It was a tragedy that apparently America's Cup authorities did not see coming.
Artemis' catastrophic training accident which led to the death of British sailor Andrew Simpson was "not on the radar for any of us", according to regatta director Iain Murray - the man tasked with leading a review into the incident.
What caused the Artemis boat to flip while performing a bear-away manoeuvre may remain unknown for the moment - although early indications suggest a major structural failing - but the path they travelled to get to this point is quite apparent to most.
From the outset, the giant, hi-tech catamarans were a massive over-reach in time, cost, and complexity for the competitors - Sir Russell Coutts admitted as much in an interview with the Herald last year.
The AC72 is a workable class, albeit horrifically expensive, if the design is well thought-out, the construction sound and it is sailed under sensible conditions.
The boats may be on-the-edge, but they are appropriate for high-level competition. The fatal flaw in the planning of Coutts and his cohorts was not in the design concept, but the timing of the regatta, which left teams with little chance to get their heads around the new class.
The timelines for the design and engineering of these boats were extremely compressed, leaving the sailors with limited opportunity to get to grips with the complexities of sailing the unforgiving speed machines - some of which were defective in their construction.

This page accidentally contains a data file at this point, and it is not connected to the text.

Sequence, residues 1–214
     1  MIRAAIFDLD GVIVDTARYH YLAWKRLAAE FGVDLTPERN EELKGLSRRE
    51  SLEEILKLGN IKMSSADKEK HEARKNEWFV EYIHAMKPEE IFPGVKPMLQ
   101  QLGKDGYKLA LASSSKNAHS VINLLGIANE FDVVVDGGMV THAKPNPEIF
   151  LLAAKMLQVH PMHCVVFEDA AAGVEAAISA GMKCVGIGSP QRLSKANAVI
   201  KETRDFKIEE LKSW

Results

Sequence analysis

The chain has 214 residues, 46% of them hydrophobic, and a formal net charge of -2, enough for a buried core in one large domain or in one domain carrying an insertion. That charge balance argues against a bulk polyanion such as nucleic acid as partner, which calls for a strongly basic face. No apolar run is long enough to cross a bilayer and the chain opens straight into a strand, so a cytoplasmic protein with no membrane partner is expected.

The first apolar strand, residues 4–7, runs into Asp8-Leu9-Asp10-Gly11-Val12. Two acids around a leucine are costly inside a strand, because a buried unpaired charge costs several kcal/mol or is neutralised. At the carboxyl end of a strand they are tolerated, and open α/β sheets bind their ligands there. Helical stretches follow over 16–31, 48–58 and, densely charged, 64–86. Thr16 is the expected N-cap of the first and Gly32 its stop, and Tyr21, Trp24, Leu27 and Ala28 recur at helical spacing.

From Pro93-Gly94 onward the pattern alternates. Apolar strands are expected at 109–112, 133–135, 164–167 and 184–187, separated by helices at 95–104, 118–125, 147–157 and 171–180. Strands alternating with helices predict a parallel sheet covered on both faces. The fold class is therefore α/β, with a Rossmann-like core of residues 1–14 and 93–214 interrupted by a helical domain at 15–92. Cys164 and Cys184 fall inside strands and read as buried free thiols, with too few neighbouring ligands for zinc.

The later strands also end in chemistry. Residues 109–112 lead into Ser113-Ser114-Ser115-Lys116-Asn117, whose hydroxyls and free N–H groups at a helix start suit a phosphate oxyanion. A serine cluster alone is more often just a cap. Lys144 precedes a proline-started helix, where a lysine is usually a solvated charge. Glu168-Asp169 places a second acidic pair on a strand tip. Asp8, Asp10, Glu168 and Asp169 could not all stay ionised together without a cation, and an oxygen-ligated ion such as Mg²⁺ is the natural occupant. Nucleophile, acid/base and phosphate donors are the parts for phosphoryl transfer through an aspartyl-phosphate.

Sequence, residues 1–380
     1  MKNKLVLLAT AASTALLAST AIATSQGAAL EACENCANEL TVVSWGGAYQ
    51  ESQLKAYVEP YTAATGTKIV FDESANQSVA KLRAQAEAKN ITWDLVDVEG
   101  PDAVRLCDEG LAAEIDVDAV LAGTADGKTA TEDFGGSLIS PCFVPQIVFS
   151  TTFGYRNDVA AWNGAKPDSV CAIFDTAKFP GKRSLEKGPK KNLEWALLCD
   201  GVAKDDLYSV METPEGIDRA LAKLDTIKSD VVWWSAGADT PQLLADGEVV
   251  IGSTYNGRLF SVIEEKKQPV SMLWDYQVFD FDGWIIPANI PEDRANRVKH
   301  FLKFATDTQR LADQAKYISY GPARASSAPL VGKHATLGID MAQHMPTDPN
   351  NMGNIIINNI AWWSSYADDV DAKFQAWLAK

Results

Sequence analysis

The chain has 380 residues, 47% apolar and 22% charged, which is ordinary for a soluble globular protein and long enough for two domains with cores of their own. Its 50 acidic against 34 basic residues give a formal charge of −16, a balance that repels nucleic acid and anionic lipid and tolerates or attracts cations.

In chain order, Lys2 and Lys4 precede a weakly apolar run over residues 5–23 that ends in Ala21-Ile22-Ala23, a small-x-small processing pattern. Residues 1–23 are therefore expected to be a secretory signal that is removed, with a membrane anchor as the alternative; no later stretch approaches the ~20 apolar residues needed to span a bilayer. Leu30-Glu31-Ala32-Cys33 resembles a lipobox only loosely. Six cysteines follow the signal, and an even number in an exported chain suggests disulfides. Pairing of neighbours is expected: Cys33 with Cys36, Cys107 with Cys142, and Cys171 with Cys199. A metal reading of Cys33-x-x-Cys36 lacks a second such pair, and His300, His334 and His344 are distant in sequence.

While America's Cup management may claim the death was not on their radar, their reviews are unlikely to unearth any new revelations other than the myriad problems that have been discussed.
In any case, with the competitors having invested upwards of half a billion dollars in the event, America's Cup organisers have declared the show must go on. While economics shouldn't be the only factor at play, it is clear too many dollars have flowed under the bridge for the teams and organisers to back out now.
It is now up to a panel to determine how that show can go on without further tragedy - and that will mean making revisions that aren't going to be popular with everyone.
Organisers have set a wide wind range for TV scheduling purposes to ensure there aren't the lengthy delays to the racing programme that have blighted previous Cup regattas. But with no live TV coverage until the elimination rounds of the Louis Vuitton Cup, organisers now have a bit more wriggle room. Where the problem lies is that the teams have built their boats to agreed parameters, optimising them to the expected wind conditions in San Francisco in July-September. Altering the wind limit at this late stage would prove extremely unpopular and potentially very difficult under the rules.
If the races have to be held in a wide wind range, then the courses need to be reconfigured for greater safety, which would mean compromising Coutts and his boss Larry Ellison's vision of the event being a televisual spectacular. Giant catamarans performing high-speed manoeuvres on a short race track may make for great telly, but it is also where the sailors are most at risk.
But it will be up to the eventual winners of the Cup to make the revision we are all waiting for - abandoning the AC72 for good.